Cade Massey in Qn:
There is a fairly widely held belief among some researchers that some optimism is good. It’s a little bit like red wine: In moderate amounts, it’s good for you.
There are a number of reasons why it might be good to be optimistically biased. For example, if people are by nature a little too risk-averse, a little optimism helps counterbalance that, gets them to take a few risks they might not otherwise.
Another reason is that there is, in economic-speak, positive utility from having positive expectations, in and of itself. Setting aside any decision making that you do based on the expectations, just consider how it feels to walk through life believing that your favorite football team is going to win this weekend, that your relationship is going to work out, that your financial investments are going to pay off. If you’re thinking things are generally good, you’re going to be happier; if you’re thinking things are bad, you’re going to be unhappy.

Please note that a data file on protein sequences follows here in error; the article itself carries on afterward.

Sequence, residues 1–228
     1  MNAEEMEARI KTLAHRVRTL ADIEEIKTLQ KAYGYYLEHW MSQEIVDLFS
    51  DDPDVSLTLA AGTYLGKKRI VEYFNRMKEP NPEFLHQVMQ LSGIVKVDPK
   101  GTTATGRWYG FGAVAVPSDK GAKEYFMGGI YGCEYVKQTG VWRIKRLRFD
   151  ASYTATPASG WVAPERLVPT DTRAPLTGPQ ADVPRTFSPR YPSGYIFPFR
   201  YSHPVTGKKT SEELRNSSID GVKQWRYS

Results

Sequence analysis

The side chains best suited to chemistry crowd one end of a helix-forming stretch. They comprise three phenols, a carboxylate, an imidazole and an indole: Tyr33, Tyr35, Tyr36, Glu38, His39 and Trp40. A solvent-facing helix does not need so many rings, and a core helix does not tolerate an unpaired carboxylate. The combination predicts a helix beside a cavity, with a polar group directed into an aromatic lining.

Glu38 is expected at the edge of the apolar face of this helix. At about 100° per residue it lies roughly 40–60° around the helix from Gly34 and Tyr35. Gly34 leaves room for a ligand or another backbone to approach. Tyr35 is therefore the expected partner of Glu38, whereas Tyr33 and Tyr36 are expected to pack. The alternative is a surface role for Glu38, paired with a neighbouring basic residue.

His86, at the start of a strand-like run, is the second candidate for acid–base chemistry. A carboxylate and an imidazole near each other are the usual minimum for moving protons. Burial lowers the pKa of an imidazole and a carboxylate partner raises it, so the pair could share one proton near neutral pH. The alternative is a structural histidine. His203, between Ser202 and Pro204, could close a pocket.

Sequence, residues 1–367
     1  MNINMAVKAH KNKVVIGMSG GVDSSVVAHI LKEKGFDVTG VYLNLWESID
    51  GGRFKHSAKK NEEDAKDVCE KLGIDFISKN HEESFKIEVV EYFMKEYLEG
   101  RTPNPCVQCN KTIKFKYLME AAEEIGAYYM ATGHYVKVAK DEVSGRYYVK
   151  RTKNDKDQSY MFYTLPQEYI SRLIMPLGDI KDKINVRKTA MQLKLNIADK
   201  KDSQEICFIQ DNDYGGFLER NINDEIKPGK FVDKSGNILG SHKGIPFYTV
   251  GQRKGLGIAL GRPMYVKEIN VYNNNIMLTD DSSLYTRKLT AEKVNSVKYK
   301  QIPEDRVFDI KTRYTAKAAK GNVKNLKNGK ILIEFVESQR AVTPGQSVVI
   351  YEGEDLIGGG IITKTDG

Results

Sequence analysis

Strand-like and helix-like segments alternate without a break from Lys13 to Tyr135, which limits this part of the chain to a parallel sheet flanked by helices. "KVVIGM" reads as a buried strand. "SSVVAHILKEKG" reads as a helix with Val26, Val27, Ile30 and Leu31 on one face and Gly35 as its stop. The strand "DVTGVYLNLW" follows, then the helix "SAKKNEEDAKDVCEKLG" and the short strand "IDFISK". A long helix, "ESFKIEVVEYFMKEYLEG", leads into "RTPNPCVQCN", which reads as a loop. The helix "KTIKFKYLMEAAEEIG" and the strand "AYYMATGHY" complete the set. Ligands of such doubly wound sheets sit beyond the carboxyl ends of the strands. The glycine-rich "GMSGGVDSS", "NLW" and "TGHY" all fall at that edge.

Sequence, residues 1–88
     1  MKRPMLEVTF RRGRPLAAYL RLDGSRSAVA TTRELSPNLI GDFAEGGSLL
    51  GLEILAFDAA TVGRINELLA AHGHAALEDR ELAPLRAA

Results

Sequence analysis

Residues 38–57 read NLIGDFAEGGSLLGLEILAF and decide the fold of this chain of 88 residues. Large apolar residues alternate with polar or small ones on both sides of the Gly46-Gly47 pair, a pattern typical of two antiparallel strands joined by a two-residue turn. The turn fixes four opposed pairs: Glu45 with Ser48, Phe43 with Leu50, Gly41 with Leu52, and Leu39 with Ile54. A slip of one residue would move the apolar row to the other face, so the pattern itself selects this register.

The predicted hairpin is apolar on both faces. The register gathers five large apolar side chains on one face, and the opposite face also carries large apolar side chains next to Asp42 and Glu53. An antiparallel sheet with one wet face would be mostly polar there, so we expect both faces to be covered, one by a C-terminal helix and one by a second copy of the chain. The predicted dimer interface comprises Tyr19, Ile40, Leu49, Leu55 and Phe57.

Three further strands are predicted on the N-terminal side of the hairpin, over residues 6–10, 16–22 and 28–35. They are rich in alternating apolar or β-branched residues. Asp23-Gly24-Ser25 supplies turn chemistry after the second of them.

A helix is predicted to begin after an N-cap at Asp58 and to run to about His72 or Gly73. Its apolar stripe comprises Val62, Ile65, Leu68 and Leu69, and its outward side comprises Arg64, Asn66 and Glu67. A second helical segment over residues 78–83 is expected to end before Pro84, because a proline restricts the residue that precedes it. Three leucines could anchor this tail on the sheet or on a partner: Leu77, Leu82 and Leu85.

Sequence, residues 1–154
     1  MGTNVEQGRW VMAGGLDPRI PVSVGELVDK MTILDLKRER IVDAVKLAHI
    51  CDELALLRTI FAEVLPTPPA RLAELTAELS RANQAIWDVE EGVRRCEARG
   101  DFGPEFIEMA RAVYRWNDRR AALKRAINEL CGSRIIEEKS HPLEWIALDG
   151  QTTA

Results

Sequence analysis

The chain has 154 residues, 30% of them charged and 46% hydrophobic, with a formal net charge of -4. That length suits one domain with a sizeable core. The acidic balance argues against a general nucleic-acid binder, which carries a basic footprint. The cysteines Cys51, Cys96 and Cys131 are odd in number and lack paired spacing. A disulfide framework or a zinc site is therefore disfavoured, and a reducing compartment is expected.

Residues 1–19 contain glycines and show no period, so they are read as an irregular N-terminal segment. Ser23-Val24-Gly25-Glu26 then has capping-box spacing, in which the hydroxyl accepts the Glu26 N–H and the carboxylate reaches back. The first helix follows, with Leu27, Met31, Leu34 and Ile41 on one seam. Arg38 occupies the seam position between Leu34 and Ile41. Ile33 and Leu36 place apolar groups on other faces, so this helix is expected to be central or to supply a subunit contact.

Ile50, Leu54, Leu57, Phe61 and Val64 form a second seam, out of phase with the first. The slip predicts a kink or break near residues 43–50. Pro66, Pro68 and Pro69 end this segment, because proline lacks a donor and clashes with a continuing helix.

Now, that has to be offset against what happens once these things are realized: after the game is over or the investment is complete or the relationship is over. If you have been positively biased all along, then you’re going to be more disappointed in the end than you would have been if you hadn’t been positively biased.
Now, are those two things equal? If those two things are equal, then there’s no net positive to optimism. But here’s something we know to be true: people adapt to bad news much more readily than they expect they will. So it could well be the case that those things are asymmetric. That there’s more utility to be gained or lost ahead of an event than after an event. The disappointment isn’t as big a deal as we think it is. And if that’s the case, it’s nice to have a little optimism because it feels better.
A third reason is that there can be a self-fulfilling nature to positive expectations. If you have positive expectations for somebody, they actually perform better. And if that’s the way the world works, a little positive bias is a good thing.